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E3 2019: ASTRO A50 Wireless Gaming Headset — Hands-On
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E3 2019: ASTRO A50 Wireless Gaming Headset — Hands-On

ASTRO unveils their fourth-generation flagship headset, and it’s still premium above everything else.

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With Astro you can usually expect them to introduce a new or updated variant on one of their gaming headsets, and they fulfilled that obligation again at E3 2019. They released a new A40 + MixAmp Pro TR and the modular C40 TR controller a few months ago, so the debut of an updated A50 Wireless Headset is probably right timing for the summer.

This is also the fourth-generation model of the flagship headset. Each iteration has been more-or-less well-received as being designed to bridge gaming intensity with audiophile-grade performance, with each iteration coming with subtle improvements. Getting a look at the A50 firsthand shows that the exterior changes are small but smart ones, now sporting an almost all-black look and cleaner body molding on the earcup and headband for a stealthier appearance.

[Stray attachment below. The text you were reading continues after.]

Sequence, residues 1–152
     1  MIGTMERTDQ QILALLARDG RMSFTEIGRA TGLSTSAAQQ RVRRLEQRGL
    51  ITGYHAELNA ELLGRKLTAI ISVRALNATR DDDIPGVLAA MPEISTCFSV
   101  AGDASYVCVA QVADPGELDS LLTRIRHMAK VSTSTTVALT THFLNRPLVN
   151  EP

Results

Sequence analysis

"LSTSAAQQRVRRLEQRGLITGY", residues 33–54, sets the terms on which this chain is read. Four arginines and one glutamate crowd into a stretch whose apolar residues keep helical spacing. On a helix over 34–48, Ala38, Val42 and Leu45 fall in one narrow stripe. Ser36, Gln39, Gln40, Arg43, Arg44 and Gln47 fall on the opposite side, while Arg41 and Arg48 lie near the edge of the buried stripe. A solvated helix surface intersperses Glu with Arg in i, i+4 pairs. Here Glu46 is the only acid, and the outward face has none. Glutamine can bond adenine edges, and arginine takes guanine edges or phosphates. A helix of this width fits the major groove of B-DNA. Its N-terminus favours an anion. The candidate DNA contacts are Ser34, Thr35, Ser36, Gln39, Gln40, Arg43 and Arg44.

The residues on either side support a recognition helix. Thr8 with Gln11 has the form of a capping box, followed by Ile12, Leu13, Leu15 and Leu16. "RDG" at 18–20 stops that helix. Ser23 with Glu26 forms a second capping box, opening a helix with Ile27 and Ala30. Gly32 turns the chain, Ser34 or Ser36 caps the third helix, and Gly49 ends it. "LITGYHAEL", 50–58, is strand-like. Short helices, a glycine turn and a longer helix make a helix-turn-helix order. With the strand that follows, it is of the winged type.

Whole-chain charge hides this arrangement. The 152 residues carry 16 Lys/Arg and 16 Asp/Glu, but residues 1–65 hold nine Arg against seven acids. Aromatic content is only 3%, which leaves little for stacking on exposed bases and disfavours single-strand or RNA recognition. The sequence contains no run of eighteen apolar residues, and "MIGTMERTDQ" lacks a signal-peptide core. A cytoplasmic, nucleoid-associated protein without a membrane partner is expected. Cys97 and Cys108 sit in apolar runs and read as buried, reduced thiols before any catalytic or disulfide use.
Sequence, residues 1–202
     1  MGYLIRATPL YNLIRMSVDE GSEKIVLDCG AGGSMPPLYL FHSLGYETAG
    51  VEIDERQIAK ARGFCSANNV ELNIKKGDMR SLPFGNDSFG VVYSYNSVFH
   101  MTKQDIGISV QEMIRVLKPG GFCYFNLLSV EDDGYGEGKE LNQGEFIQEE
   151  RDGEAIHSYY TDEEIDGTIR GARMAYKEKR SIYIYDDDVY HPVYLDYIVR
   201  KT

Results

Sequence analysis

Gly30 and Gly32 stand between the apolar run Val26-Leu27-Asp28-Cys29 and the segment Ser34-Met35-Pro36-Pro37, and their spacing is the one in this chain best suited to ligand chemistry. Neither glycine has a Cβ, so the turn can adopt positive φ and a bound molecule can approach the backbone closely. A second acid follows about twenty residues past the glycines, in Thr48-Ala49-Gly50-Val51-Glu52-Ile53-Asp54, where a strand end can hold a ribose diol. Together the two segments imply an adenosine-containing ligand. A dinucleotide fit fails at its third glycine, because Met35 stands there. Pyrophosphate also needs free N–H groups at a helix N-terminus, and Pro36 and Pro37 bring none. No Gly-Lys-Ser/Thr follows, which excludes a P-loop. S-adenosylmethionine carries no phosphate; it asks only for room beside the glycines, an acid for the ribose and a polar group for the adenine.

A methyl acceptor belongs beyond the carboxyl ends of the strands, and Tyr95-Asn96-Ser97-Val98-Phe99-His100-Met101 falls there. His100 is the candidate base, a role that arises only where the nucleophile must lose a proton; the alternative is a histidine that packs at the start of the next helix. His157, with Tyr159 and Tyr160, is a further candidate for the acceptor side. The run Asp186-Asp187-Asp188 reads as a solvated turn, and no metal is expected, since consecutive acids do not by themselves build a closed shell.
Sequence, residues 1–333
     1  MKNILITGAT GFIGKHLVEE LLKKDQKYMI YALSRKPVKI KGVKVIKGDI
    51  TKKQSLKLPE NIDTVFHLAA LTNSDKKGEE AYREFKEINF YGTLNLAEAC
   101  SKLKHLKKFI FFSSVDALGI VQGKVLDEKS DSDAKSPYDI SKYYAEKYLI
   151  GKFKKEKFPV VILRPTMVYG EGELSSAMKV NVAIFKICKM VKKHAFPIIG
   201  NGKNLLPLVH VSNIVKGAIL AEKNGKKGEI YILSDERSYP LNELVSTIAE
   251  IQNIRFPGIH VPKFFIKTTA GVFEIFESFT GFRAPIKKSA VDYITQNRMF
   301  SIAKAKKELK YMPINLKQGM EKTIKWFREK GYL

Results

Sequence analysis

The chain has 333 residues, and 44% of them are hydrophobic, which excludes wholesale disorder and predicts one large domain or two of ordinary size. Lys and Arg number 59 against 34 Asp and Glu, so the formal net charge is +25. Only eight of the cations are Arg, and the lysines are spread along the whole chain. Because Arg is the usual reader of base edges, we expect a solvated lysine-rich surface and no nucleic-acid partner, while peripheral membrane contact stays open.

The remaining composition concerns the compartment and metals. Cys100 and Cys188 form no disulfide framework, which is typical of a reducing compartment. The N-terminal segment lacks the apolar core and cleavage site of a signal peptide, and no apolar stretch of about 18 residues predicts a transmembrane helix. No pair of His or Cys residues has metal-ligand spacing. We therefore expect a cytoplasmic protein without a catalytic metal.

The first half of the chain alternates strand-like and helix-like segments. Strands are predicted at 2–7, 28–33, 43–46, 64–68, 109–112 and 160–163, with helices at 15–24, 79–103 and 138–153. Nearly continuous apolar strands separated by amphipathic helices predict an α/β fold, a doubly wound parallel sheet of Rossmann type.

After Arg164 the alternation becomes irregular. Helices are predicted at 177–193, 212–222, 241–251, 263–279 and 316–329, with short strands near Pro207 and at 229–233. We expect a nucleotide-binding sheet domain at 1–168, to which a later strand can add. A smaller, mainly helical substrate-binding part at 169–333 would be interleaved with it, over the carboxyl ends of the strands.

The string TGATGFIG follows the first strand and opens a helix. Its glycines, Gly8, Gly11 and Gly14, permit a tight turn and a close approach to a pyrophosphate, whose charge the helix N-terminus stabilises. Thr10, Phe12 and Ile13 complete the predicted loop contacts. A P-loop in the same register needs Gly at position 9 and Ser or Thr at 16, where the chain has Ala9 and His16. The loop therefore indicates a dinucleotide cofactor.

The PlayStation 4 and Xbox variants are still separate entities, but the console-specific color schemes are nixed for more mature gray (PS4) and bronze (Xbox) accents on the sides and logo of the charging base station.

Speaking of which, that base has been downsized from the previous generation, giving you back some needed desk space. Everything else about the base station remains intact with some additional niceties, specifically better Lithium-ion battery life of over 15 hours, quicker recharging time and compatibility for USB sound cards when playing on PC.

My time with the latest A50 felt comfortably familiar, as the weight of the headset was noticeable but aided by the thick fabric earpads and signature headband adjustments that incorporate measuring marks on the industrial-style tube flanks. By default, the stereo sound exhibited no unfavorable distortion and low-end depth was impeccably represented without being boosted. Enabling surround sound via Dolby Audio did enhance the experience and brought some spatial dimension, but it wasn’t a radical change. Perhaps it was the game I played (Trover Saves the Universe) which was good, but probably not the most theatrical example that could’ve been used.

It’s been a while since I reviewed a A50, but I’ll say that it’s definitely a few steps above the excellent 2nd-gen A50, which felt like a lifetime ago. If you already own the immediate predecessor then you’re already in good hands, for everybody else who wants to graduate into premium wireless gaming audio with $299 to burn, this is worth every penny.

About the Author: Herman Exum